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15 November 2012

The Difference Between ‘Interesting’ and ‘Fascinating’

The capital markets may be going through the toughest times in memory, but a little perspective shift can be a powerful tool in overcoming the challenges.

[Ed. Note: This week, TABB Group senior analyst Paul Rowady will be reporting from SAP’s SAPPHIRE NOW conference in Madrid.]

This commentary is not your normal capital markets fare – it’s not the deep dive into some technical or regulatory topic that you might expect to find here on TabbFORUM. Though it is related to the work that we all do from day to day, there is a personal message in the words that follow, and I hope you will find it useful.

For trading and other capital markets firms, times are tougher than in anyone’s experience. No one currently in the game has actually been through a period like this. Only the history books can regale us with tales of an age when the economic and political climate may have been more adverse. Sorry to be a wet blanket, but the saying, “What doesn’t kill you makes you stronger” will apply, in my humble opinion, for the times that still lie ahead. Therefore, today’s dispatch from the SAPPHIRE NOW conference in Madrid is more of a personal note that can be re-assembled into a mind-set for your business: As you approach your personal growth -- I mean, business strategy for these times -- a small change in perspective can go a long way toward tilting the tables in your favor (or not). Take it from a couple of guys who know, SAP’s Jim Hagemann Snabe, and me:

Once upon a time, I was a foolish, balls-to-the-wall, don’t-leave-anything-for-the-swim-back entrepreneur. Trying to turn a dream into reality, I set out on a course of a thousand meetings -- which felt more like death by a thousand cuts -- to gather interest and resources for my business idea. Of course, I would not be writing this now under this banner had things worked out as planned. Rather, an intense period of adversity ensued between there and here.

[Check out Paul’s first dispatch from Madrid:New Capital Markets Mythology and a New Secret Sauce”]

Of the many lessons that are tattooed on my mind from this exercise is the true meaning of “interesting.” It’s not what you might think, having been hijacked by modern vernacular. Countless are the number of times I was graced with the simple and seemingly innocuous phrase, “That’s interesting.” At first, I had a traditionally Pavlovian response to these words; I thought, “Boy, I must really be onto something.” Yet, in meeting after meeting, I heard the same refrain.

Interesting.

Interesting.

Interesting.

I-n-t-e-r-e-s-t-i-n-g …

Eventually, “interesting” came to mean that I was going nowhere. (Try it sometime. Listen for it. I guarantee it will arrive. And when you hear it, ask yourself: Are you getting closer to your target, or is your audience just trying to be polite?) Not only did this experience cause me to develop a higher-than-normal sensitivity to semantics, it also taught me how to play with subtle shifts in perspective. Like mental jujitsu, it turns out that some of the tiniest shifts are very powerful.

Contrast my journey in perspective with one of the more colorful threads of SAP co-CEO Jim Snabe’s inspiring keynote at the opening of the SAPPHIRE NOW / TechEd conference here on Tuesday, Nov. 13. The setup went simply like this: A friend of his -- the conductor for a world-famous philharmonic orchestra -- is known to exclaim, “Fascinating!” when faced with challenges that would make most people cringe. Instead of a negative response to the inevitable bumps in the road, this example of how a shift in perspective to a more positive view of challenges is a lesson worth paying close attention to. Snabe went on to pepper his presentation with a selection of truly fascinating business challenges that lie ahead and how he and his 65,000-member team intend to help their clients tackle them.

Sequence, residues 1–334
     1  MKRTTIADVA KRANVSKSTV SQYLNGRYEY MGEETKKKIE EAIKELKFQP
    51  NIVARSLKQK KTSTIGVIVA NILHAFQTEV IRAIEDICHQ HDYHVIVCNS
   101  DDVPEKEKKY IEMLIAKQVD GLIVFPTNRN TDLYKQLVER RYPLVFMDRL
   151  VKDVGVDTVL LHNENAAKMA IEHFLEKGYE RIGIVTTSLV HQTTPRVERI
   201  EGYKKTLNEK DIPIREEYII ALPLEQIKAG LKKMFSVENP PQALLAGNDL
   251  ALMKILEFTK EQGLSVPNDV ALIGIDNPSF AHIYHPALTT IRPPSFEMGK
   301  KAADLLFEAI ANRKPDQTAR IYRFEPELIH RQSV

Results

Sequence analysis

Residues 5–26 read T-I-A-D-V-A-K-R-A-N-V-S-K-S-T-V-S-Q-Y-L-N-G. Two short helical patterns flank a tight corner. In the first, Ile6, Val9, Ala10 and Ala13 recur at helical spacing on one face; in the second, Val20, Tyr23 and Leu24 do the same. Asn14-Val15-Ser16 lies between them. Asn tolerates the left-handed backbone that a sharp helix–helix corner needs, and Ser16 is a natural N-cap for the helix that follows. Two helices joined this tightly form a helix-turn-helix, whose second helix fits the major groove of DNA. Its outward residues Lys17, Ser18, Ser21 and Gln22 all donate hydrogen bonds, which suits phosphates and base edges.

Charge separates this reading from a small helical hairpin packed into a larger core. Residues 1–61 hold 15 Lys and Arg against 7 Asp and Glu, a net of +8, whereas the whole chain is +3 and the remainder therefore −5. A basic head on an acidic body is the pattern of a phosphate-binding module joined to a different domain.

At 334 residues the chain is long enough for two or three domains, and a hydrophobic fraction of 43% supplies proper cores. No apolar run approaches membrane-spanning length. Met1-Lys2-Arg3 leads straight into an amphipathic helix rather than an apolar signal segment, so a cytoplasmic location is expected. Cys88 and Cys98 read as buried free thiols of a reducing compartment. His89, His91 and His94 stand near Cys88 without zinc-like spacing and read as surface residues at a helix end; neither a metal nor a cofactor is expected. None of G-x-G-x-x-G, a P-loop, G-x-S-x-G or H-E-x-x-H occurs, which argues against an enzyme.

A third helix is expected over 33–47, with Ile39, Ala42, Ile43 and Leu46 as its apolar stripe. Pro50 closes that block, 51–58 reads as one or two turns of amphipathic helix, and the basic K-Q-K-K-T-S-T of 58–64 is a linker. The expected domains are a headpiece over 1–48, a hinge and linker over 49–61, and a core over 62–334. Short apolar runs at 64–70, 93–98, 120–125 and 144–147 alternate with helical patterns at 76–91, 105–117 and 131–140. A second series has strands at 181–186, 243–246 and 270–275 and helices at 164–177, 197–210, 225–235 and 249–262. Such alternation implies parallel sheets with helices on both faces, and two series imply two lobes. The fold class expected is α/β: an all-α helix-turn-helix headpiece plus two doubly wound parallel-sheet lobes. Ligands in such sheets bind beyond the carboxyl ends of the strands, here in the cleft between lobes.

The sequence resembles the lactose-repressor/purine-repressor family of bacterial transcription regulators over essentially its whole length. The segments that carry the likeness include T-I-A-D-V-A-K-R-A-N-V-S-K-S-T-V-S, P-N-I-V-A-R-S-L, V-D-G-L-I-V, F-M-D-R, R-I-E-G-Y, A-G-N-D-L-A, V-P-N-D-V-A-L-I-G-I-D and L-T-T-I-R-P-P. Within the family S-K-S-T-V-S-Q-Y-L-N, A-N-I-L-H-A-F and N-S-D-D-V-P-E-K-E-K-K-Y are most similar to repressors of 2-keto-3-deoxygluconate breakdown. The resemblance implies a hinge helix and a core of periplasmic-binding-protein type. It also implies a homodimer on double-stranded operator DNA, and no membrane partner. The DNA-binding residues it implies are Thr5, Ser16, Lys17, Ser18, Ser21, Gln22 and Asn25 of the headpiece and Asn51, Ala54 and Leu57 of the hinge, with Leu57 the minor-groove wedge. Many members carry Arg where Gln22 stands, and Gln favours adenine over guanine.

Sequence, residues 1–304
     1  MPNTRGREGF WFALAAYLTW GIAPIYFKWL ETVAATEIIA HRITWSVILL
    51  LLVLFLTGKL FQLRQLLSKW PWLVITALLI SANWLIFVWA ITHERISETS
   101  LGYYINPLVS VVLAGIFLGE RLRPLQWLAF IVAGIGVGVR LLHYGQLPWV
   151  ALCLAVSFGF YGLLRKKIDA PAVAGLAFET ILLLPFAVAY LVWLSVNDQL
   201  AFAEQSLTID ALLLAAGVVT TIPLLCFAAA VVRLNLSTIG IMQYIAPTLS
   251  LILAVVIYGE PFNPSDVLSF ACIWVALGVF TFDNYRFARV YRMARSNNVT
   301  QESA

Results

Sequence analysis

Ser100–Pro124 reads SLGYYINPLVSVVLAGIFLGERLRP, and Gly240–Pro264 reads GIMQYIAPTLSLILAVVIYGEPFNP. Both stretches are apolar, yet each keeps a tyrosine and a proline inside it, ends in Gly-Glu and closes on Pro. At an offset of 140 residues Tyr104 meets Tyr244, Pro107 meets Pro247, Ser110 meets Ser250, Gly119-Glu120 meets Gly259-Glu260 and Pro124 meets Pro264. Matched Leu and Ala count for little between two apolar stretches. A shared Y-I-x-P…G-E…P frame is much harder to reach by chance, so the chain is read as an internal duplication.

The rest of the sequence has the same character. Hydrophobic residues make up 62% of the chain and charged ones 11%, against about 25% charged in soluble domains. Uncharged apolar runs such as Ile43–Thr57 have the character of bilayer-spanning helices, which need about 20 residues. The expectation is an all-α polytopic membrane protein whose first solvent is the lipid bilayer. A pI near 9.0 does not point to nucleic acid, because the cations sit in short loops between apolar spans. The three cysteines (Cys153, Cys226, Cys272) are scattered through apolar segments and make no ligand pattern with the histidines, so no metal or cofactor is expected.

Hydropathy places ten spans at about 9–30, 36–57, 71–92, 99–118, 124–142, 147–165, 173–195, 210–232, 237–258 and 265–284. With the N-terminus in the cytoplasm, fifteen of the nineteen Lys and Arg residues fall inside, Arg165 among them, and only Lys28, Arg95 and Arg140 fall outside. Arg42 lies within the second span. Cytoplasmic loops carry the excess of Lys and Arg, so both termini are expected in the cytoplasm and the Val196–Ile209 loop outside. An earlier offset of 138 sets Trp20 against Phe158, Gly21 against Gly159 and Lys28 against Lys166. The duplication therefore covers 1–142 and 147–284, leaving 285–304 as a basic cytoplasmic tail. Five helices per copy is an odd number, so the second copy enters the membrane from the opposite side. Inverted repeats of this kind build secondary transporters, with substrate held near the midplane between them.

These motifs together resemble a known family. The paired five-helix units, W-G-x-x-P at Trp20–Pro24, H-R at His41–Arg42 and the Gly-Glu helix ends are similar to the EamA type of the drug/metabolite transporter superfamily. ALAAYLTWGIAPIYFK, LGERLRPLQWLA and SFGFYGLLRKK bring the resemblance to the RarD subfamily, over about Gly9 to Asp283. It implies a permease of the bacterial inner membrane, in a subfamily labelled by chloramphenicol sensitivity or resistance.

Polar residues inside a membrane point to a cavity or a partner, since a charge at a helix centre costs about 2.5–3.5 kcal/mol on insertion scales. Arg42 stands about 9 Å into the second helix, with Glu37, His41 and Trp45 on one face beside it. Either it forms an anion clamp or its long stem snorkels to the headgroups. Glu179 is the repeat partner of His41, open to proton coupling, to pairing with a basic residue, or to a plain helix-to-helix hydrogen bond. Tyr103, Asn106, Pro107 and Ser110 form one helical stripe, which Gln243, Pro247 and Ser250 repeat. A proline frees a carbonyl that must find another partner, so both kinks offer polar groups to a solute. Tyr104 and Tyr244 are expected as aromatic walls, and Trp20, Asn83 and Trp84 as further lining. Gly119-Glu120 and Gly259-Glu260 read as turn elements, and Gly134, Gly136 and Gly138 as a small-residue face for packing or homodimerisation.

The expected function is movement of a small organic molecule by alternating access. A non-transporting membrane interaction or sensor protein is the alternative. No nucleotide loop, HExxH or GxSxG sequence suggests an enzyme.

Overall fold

Now, I confess -- based entirely on personal experience -- it is WAY easier to be sanguine about adversity after the fact or when it is not happening to you. But that shouldn’t change the importance of the message. Today’s glitchapalooza, snafu or brouhaha should be viewed through a lens of fascination, if you can manage it. (Some days will be harder than others, I assure you.) Every unexpected glitch is an opportunity in disguise; an opportunity to strengthen your personal and organizational platform. If you can survive it, the use case becomes part of the fabric and strategies can be tweaked to anticipate, or at least manage, the risks of similar use cases.

Now that we are in an environment where return on capital has downshifted to return of capital, staying in the game will be praised as successful more than at any time in recent memory. As a result, taking a longer-term view will pay dividends -- just not necessarily tomorrow or next month or even in the current quarter. Investing in process efficiency will minimize cost structures -- and free up human capital to be deployed elsewhere. Investing in exploratory research, business intelligence, and other feedback loop capabilities will give you new eyes from which to see the next few moves on the proverbial chessboard.

A final word of advice: Practicing detachment from the personal impacts of events and, instead, seeing them for their opportunity for learning is the method I have found to be effective when navigating challenging times. Much easier said than done, which is why they call it “practice.” I encourage you to practice the perspective that we live in fascinating times, and that there are significant opportunities for those with the perspective to adapt.

Stay tuned for an additional dispatch from Paul Rowady in Madrid coming soon: “The Emerging Focus on User Experience and Design Thinking.”

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